Doing DIY furniture painting project? Here are a few tips and tidbits that will help you as you refresh your furniture with a coat of paint. Trust us, these can save you a lot of time and hassle in the long run.
Decide Your Finish Ahead of Time
Glossy? Distressed? Subtle matte? Semi-gloss? These aren’t just marketing terms, they’re important decisions you need to make about how your furniture will look. If you want something more distressed or aged, go for a matte finished paint and then distress it with sandpaper. For a more traditional finish, opt for eggshell. If you use paint any glossier than that, be sure you’re using rollers, not brushes, as high gloss paint shows brush marks.
Find out how to choose the right paint finish here.
Sand and Fill In Any Imperfections
With furniture painting, preparing the surface is critical. Go over your piece with a sanding block, and use spackle on any chips and dings. Sanding is very important if you’re painting over a shiny surface because you need to give your new paint something to adhere to. That said, if your piece is untreated wood or if you like a distressed look, you can skip the sanding.
Priming isn’t necessary for every painting project, but here are some project types that you should use a primer on:
- · Furniture destined for humid rooms (like bathrooms)
- · Painting over a very dark color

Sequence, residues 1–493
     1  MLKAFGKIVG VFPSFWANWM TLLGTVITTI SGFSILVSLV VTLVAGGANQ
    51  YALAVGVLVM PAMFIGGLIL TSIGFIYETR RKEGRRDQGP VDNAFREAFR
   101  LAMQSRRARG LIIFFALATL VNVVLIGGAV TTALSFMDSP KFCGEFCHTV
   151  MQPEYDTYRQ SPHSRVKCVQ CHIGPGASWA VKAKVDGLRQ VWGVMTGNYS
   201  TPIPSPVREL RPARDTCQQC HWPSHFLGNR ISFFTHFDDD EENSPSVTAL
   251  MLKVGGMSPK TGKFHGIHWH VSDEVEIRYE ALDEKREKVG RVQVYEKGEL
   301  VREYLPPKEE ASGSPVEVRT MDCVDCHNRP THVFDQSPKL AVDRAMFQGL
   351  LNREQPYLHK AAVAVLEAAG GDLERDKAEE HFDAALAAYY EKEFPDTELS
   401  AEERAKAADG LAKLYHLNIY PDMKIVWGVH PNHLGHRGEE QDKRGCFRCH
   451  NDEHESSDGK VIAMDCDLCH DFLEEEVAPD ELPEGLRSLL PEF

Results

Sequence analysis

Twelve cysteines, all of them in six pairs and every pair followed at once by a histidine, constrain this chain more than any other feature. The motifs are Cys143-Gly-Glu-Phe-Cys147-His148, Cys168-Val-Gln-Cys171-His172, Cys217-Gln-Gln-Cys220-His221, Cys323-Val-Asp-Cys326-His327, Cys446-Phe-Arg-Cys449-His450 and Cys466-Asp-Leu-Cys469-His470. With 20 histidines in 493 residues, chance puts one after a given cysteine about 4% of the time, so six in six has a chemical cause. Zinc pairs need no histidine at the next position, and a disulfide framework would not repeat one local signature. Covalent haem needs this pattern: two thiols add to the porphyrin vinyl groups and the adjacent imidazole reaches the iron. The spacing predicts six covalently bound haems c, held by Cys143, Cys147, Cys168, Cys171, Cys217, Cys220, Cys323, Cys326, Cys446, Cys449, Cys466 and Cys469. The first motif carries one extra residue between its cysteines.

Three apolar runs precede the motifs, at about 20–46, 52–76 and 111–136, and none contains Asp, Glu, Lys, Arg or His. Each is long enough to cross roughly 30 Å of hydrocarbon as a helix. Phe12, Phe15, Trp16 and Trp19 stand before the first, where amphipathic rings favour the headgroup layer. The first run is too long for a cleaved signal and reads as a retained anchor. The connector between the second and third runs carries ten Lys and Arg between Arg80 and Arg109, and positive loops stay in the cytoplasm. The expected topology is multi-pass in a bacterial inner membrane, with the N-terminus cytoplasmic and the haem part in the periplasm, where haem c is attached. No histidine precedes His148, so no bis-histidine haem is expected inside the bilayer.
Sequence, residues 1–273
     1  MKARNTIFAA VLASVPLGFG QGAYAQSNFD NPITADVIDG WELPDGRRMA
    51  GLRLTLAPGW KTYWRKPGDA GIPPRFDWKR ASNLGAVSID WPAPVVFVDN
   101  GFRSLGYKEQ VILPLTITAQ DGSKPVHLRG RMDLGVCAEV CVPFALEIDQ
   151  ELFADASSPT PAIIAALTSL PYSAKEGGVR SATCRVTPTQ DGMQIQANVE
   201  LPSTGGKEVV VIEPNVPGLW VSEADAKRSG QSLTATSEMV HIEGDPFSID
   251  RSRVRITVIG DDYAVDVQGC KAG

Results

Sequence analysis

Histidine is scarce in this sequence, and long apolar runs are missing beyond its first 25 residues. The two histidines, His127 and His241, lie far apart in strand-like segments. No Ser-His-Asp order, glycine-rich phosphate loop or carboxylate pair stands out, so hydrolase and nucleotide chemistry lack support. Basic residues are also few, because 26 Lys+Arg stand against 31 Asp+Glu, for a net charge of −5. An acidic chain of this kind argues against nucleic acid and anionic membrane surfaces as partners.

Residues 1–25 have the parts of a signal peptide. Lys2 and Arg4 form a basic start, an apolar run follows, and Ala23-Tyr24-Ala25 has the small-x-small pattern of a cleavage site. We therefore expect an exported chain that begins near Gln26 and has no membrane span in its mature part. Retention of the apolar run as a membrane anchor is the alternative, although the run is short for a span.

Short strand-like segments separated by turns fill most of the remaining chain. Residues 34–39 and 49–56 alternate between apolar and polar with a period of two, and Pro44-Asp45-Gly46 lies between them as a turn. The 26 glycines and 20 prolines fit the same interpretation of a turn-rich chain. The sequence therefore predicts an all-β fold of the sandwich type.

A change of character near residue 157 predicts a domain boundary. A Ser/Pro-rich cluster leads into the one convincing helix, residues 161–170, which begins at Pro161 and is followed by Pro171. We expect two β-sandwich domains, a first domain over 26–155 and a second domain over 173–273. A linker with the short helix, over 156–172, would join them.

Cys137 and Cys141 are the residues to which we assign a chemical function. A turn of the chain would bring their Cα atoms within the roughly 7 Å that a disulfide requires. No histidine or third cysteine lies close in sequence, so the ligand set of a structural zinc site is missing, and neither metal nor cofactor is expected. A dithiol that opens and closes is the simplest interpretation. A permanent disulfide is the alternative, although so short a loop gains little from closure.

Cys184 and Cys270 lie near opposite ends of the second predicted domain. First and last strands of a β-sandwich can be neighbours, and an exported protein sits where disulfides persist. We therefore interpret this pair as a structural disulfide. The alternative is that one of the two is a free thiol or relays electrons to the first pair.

- · Laminate furniture
- Rusted furniture
Each of these types of pieces requires a specific type of primer, so do your research ahead of time to get a primer that does what you need it to. As a rule of thumb, remember that you can use latex paint over an oil-based primer, but you can’t paint oil-based paint over a latex primer.
Get the right primer for your project here.
Be Prepared to Paint a Few Layers
Furniture, like walls, usually requires more than one layer of paint. To get an even finish and to eliminate brush strokes, plan on painting two or more layers (not including the primer). This will give good color payoff and ensure that your paint can handle a few digs and scratches without exposing the furniture underneath. Small rollers work the best for even color distribution, and if you need to even out the paint, small sponges can really help! Of course, always ventilate the room you’re painting in.
Don’t Forget Finishes
For surfaces that will take a lot of impact and traffic, such as tabletops or chairs, you’ll want to apply a finisher to make the color last a long time. For stains, a wipe-on polyurethane works well, or try a polycrylic sealants for paint. Of course, if you like a distressed look, then sealant may not even be necessary.
Let It Dry
Give the paint plenty of time to dry and cure between layers. Latex paint can take up to thirty days to fully dry, so be extra careful with freshly painted pieces the first few weeks you have them in your house. If you can, don’t put it in your space at all until the paint is fully dry.
Once it’s dry, your piece is done and you’re free to enjoy its new look!